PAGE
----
On God, beer bellies and bald heads
During church today, two things became apparent about my mother. One is that the sapping of my strength seems to be inversely proportional to her energy. That is, the more depleted I am, the more energy she has. And the more energy she has, the more she seems to focus it on things I simply don’t understand. Second, although she looks forward to church on Sundays, she’s losing her grasp on the meaning behind her lifelong tradition. Either that, or she no longer has the words to explain it, because when I asked her today why we go to church, she said simply, “We always go to church on Sundays.” “But why?” I asked, and she explained that when she’s at home, she always goes to church on Sundays. When I pushed a bit, asking if church has something to do with God, she fairly rolled her eyes, and said, “Of course!”
Yet, every time she goes to mass, she is able to focus on the service less and less. Today she was alternately telling me how pretty I am and reaching up to kiss me, and surveying the people in the pews around us for children, and bald, portly men. The love of children is understandable; she has always loved kids and laments that she has no grandchildren. The hairless heads, well, my brother-in-law shaves his head, and this fascinates her. She invented for him a set of lyrics that she sings to the tune of an old Mexican song, “Peloncito, aha, aha, peloncito, aha, aha!” Roughly translated, peloncito means little bald man, or man with a little bald head.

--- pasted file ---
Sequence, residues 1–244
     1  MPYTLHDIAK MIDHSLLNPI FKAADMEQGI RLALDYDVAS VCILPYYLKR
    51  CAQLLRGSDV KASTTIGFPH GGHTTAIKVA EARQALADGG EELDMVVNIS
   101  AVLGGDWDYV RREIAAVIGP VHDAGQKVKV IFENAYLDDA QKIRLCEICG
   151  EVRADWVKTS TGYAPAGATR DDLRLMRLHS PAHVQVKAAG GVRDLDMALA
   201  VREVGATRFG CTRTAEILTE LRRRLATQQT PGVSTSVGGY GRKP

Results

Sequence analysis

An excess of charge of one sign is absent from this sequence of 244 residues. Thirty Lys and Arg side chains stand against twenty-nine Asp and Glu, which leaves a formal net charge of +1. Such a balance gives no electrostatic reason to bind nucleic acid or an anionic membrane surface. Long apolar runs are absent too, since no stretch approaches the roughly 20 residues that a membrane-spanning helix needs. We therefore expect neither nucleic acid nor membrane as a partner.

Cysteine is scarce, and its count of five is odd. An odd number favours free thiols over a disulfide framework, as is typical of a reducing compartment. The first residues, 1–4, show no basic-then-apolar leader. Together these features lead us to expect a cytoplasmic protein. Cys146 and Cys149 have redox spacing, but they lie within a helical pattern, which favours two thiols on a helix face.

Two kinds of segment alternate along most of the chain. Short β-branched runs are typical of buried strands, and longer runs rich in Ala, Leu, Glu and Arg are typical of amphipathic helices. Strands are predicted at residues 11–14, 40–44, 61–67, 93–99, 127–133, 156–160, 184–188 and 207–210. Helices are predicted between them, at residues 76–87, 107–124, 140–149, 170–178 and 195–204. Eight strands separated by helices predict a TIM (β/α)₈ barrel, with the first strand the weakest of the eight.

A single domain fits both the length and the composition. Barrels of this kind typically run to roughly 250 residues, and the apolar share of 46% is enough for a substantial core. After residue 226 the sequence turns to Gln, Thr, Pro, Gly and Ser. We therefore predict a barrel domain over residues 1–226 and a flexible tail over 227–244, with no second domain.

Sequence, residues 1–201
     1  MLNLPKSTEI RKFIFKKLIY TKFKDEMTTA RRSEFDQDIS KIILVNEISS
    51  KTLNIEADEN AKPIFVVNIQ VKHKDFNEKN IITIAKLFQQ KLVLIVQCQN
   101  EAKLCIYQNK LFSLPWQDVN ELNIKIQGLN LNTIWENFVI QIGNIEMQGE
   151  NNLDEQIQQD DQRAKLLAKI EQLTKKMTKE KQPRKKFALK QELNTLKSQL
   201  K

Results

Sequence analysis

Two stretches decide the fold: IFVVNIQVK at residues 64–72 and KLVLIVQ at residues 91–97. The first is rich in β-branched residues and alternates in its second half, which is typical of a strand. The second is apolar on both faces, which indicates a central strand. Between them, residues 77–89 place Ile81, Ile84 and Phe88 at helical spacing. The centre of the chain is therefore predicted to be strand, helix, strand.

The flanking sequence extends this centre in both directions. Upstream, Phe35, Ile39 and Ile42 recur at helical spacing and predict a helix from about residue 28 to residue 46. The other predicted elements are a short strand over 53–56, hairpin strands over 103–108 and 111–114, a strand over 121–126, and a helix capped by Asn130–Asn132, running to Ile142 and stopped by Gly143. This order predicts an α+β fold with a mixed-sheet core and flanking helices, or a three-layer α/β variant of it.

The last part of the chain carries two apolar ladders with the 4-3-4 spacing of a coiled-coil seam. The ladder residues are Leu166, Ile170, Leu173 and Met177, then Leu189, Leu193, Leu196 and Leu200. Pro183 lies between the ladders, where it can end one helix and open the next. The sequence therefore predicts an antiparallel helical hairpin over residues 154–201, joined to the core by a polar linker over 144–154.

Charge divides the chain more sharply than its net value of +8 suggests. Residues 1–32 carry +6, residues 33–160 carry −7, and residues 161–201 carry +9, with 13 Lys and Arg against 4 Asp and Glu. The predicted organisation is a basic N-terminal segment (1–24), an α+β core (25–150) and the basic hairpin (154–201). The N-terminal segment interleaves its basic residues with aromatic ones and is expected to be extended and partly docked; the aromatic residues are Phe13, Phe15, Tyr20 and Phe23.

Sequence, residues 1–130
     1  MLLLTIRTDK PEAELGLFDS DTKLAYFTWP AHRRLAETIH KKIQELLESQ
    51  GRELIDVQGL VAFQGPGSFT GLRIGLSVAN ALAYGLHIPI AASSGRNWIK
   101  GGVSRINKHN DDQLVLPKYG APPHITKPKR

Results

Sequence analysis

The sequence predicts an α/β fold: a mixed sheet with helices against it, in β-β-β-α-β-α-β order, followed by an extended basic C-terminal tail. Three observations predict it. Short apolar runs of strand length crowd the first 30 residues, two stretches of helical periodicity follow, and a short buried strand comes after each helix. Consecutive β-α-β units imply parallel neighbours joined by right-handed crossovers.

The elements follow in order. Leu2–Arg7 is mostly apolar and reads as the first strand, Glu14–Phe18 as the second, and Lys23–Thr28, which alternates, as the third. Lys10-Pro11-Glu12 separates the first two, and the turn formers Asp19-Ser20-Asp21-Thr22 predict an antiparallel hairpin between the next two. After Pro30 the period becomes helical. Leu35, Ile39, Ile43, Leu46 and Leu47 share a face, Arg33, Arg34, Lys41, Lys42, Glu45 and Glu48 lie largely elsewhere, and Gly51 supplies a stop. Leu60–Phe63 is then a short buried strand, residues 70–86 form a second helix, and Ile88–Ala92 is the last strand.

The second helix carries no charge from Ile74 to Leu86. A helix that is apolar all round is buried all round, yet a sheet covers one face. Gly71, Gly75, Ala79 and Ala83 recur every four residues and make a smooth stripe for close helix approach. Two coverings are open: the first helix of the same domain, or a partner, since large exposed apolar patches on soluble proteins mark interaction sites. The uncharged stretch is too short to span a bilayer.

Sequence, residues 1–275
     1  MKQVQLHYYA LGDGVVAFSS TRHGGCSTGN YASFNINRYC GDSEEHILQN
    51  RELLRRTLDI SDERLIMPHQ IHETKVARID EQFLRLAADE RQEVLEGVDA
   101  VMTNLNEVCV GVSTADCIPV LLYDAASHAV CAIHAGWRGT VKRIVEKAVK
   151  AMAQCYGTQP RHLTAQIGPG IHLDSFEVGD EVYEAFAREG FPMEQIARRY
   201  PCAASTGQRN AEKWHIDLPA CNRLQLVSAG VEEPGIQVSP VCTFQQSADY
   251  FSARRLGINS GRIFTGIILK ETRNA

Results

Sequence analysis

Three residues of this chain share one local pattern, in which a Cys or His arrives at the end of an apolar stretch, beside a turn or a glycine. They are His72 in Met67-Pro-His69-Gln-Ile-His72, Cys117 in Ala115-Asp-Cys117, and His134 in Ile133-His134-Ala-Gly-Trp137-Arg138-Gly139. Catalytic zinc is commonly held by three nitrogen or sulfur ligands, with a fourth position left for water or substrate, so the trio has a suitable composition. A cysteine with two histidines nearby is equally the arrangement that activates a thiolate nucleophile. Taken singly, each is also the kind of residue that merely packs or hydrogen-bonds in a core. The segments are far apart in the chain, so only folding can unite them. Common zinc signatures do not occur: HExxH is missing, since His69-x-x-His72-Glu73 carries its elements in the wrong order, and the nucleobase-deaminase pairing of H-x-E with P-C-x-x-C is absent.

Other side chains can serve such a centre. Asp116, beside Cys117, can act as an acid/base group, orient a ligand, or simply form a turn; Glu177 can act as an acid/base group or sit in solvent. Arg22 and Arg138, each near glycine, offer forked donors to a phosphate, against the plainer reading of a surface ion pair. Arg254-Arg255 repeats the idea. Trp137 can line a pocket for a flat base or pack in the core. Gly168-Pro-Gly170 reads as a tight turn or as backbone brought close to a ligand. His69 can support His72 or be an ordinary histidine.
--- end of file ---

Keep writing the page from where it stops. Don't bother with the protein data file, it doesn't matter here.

So, as the priest celebrated mass, my mom perused male heads. Every time she spotted one she’d say triumphantly, “Vi un peloncito.” (I saw a bald man.) If she wasn’t looking for thinning hair, she was fixating on beer bellies; I confess, this obsession is completely inexplicable, and at times, truly embarrassing. The man directly behind us, she informed me, had a beer belly. And so did the deacon, and she insisted I look at him, that I see his belly. And because she’s hard of hearing, my mom talks loud! Anyone within a 25-yard radius who understood Spanish probably thought she was saying the deacon could stand to lose a few pounds.
Another thing became clear to me today; if a kid is acting up in a public place, but he isn’t disturbing or hurting those around him, no wonder a mother sometimes just lets him be. At one point, I let go of my need to have my mom behave. Simply let it go. And everything was fine. Mostly, anyway. I sort of came to as she reached for the boy in front of us, patted his cheeks and told him how beautiful he is. He just nodded as if the praise were his due and my mom sat back in her seat.
But heaven help me if I lose my hair or grow a beer belly. My mom will never let me forget it!